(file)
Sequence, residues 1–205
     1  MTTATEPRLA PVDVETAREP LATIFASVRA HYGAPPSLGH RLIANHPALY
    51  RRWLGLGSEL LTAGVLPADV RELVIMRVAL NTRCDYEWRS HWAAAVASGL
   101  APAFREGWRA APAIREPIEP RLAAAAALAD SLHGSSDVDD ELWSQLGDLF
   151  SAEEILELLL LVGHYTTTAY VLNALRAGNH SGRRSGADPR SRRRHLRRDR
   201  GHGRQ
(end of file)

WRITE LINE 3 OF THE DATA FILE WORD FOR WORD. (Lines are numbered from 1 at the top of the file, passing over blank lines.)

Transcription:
    51  RRWLGLGSEL LTAGVLPADV RELVIMRVAL NTRCDYEWRS HWAAAVASGL